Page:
Nairobi News


How Ruto was ‘mistreated’ at Queen Elizabeth’s funeral

President William Ruto has opened up on the challenges African leaders face when attending foreign events.

Addressing the Mo Ibrahim Governance Weekend at the Kenyatta International Convention Centre (KICC) in Nairobi, Ruto highlighted the inequality in treatment between African Heads and other world leaders.

President Ruto also hinted that African leaders will in future decide whether or not to honour meetings with their Western colleagues.

“We have made the decision that it is not intelligent for 54 of us to go and sit before one gentleman from another place…Sometimes we are mistreated, we are loaded into buses like school children, and it is not right,” Ruto said.

He was referring to an incident at the late Queen Elizabeth II funeral ceremony in the UK, where African Presidents, including him and his wife, were offered a lift at the back of the bus. At the same time, other world leaders like US President Joe Biden were allowed private vehicles.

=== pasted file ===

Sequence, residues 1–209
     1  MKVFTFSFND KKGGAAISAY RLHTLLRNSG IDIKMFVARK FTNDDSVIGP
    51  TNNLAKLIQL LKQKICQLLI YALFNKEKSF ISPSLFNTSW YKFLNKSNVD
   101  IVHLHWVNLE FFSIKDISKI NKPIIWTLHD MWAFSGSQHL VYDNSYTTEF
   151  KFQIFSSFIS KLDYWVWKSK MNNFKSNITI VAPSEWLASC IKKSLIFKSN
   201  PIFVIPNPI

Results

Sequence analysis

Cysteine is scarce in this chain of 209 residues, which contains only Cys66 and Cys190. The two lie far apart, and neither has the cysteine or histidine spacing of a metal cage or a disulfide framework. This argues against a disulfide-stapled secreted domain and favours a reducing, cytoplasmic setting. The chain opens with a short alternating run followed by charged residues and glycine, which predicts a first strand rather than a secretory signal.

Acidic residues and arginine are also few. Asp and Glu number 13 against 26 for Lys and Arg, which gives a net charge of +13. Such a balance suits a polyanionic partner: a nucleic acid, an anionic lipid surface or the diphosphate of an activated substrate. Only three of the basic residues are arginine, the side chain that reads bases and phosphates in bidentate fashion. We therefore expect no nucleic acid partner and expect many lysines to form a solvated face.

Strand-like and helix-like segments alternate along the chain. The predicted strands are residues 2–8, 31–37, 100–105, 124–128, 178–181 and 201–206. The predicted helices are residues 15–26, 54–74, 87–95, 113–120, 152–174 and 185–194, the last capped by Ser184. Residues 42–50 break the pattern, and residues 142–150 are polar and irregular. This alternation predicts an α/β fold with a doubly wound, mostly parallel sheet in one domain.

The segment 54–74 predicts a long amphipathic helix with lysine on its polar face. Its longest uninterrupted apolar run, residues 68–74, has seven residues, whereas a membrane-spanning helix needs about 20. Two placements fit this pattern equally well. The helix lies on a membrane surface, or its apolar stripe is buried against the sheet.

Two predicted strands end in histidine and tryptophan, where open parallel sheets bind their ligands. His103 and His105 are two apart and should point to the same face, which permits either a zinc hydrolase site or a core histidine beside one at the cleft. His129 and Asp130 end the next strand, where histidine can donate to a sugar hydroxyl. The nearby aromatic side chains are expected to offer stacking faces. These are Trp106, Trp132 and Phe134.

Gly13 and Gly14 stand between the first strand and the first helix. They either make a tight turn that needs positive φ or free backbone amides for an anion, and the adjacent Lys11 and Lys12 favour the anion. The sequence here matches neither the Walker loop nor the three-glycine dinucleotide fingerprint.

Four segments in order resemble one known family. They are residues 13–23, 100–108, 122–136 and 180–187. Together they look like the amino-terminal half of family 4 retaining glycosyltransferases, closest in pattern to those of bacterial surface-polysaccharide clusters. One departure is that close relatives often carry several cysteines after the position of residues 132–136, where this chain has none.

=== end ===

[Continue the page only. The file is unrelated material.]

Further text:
The British government had requested that Presidents attending the Queen’s funeral use commercial flights and arrive by coach to ease the strain on London’s airports.

According to The Times, fears of gridlock on the roads around the Abbey, Houses of Parliament and Buckingham Palace necessitated deploying buses.

The dignitaries, totalling over 2,000, mostly from across the Commonwealth of Nations, were instructed that their maximum allocation of seats was restricted to the head of state or their representative plus partner.

However, the perceived unequal treatment has reignited discussions about the need for Africa to assert its position on the global stage.

Ruto announced that Africa is actively seeking partnerships with Russia and Japan and existing relationships with the United States, Europe, and Turkey. “We are not looking for aid; we are not looking for handouts. We are looking for partnerships that are based on mutual respect and mutual benefit,” Ruto reiterated, highlighting the importance of establishing equitable relationships on the world stage.

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